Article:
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    Bicycle Locks

    Commuting to and from work or even just riding for fun and exercise is quickly becoming a more popular option for many Americans so it’s important to make sure that your bicycle stays safe and secure when unattended. There are a lot of different bicycle locks on the market and even different ways to use them so it’s important to be smart about it and make sure your bike won’t get stolen any time soon. Check out some of the pros and cons of different kinds of bike locks and learn about alternative ways to keep your bicycle safe.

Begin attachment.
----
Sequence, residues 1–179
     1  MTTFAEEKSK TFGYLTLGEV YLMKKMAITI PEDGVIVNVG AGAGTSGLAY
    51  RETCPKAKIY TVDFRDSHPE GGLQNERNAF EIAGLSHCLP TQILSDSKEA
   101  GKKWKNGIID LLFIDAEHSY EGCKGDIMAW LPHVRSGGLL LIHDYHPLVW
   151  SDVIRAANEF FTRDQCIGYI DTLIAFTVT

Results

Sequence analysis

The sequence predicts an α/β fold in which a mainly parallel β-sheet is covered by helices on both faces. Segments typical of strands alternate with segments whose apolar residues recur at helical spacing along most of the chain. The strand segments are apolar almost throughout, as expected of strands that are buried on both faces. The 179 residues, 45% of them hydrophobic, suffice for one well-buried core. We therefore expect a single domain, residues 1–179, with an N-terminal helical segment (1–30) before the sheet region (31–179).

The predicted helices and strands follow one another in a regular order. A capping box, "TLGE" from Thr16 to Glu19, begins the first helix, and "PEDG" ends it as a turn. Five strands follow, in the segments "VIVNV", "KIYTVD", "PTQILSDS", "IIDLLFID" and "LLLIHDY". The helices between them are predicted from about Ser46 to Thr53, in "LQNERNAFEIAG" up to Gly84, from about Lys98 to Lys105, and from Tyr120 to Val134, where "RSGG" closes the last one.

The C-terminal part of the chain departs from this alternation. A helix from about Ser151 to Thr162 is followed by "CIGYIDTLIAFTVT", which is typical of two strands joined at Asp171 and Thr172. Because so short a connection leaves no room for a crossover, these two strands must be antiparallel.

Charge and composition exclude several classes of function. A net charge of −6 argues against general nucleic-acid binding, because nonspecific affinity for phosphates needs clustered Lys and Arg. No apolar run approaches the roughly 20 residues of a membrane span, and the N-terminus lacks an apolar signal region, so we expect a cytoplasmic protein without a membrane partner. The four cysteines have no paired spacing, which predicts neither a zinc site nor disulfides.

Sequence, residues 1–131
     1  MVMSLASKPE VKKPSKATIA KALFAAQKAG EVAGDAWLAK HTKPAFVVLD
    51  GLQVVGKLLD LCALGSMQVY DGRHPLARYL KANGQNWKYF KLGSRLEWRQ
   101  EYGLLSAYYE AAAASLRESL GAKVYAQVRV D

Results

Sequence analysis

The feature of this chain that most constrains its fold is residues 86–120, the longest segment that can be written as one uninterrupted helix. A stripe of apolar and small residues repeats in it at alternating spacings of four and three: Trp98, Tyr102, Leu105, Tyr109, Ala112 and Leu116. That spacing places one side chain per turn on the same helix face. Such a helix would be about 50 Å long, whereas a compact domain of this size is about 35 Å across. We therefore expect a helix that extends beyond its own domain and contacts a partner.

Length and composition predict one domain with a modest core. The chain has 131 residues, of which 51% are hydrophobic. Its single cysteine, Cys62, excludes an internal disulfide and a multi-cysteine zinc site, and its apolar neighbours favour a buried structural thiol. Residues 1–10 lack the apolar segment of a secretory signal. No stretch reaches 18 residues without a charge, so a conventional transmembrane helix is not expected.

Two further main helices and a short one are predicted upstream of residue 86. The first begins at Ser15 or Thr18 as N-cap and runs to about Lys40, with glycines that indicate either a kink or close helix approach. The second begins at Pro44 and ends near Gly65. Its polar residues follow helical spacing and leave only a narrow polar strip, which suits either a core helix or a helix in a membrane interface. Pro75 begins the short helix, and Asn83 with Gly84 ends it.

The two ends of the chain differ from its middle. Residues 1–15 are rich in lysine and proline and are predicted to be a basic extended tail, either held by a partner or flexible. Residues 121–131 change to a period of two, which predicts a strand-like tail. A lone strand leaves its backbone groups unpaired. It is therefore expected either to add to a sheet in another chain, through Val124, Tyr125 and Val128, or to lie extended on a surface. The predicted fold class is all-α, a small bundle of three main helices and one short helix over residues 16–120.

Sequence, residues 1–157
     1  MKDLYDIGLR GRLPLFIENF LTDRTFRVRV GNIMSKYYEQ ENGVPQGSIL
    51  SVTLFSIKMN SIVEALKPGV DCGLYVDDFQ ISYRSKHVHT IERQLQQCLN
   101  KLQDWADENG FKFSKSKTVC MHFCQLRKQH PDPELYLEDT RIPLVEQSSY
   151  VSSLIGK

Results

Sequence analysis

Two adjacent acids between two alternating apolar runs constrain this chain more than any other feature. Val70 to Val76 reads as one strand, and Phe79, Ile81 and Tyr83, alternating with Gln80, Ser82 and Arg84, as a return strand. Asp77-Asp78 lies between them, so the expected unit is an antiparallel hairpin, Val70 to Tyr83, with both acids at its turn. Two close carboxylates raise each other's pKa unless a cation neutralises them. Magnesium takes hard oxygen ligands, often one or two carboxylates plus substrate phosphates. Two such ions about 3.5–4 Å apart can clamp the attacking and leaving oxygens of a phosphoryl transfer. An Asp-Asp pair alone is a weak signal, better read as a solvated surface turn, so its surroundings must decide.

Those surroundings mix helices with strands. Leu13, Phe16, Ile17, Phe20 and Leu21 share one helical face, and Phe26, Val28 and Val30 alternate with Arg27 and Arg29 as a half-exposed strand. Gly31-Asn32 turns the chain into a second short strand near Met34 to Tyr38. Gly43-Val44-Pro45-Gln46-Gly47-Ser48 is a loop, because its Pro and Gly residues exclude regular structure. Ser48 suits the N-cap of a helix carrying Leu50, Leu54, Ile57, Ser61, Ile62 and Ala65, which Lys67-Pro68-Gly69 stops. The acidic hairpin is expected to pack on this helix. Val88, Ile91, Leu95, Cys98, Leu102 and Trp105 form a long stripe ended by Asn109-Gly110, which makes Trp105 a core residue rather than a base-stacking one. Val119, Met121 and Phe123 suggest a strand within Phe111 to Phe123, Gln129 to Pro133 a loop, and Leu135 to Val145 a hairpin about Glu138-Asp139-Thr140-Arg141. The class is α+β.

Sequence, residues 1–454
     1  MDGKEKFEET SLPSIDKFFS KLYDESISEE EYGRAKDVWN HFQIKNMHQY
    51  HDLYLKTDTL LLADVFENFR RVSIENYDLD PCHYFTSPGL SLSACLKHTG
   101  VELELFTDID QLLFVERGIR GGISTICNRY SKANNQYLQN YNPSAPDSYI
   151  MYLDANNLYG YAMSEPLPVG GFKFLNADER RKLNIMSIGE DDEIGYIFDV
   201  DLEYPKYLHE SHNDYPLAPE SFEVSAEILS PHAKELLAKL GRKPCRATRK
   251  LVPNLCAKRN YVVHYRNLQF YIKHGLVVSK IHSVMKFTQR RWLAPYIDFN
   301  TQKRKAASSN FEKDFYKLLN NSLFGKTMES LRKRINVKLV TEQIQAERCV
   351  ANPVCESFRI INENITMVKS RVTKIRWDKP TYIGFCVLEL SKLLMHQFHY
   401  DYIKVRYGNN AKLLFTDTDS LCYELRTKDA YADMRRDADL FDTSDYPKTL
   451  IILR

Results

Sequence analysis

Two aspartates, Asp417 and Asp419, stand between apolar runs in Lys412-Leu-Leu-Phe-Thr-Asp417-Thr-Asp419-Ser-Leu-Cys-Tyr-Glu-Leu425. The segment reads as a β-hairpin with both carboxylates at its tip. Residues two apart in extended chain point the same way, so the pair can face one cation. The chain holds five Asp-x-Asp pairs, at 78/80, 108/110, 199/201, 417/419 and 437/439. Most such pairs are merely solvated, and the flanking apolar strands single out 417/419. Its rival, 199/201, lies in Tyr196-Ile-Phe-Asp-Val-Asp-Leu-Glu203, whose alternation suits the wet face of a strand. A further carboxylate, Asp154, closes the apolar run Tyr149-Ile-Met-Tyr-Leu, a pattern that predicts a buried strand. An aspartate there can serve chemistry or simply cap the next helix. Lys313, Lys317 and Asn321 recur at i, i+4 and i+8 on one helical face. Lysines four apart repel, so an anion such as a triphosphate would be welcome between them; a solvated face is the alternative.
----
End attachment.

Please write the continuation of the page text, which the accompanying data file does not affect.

Chains This is often considered one of the safest ways to secure your bike but it can be a bit cumbersome and sometimes a hassle to carry around and use. The reason this is an especially safe option is because you can essentially get super thick chains that won’t be broken by anything but an angle grinder. In general chains are not super practical unless you routinely need to lock your bike up in a high crime area. On the plus side chains are cheap. All you need to do is head down to your local hardware store and pick up a chain and a padlock and you’re set. If you do opt for a chain it’s important to get a lock that is just as strong or else it’ll be targeted as the weak point in your bike security. U-Locks This is generally considered to be one of the best options for locking up your bike because it has a nice balance of security and ease of use. Unlike chains a U-lock is not especially unwieldy but still offers a great amount of security because it is a single piece of metal with no specific vulnerabilities. Like a chain, a good U-lock should be unbreakable with anything but an angle grinder. In general the best way to use a U-lock is to attach it between the frame and your front wheel so that neither can be stolen. While it’s smaller and easier than a chain it’s still a little bit more difficult to manage because it’s not pliable like a cable. Cables This is a decent option that excels in its ease of use as well as its small size and light weight. Typically these are considered less safe than a U-lock or chain as they can sometimes be broken by a cable cutter or a chisel or any number of hand tools. Often times cables are used in conjunction with a U-lock to secure other vulnerable parts of your bike like the quick release seat or front wheel. Don’t be too deterred by a cable because often times a good cable is going to be a lot better than a cheap U-lock or a small chain.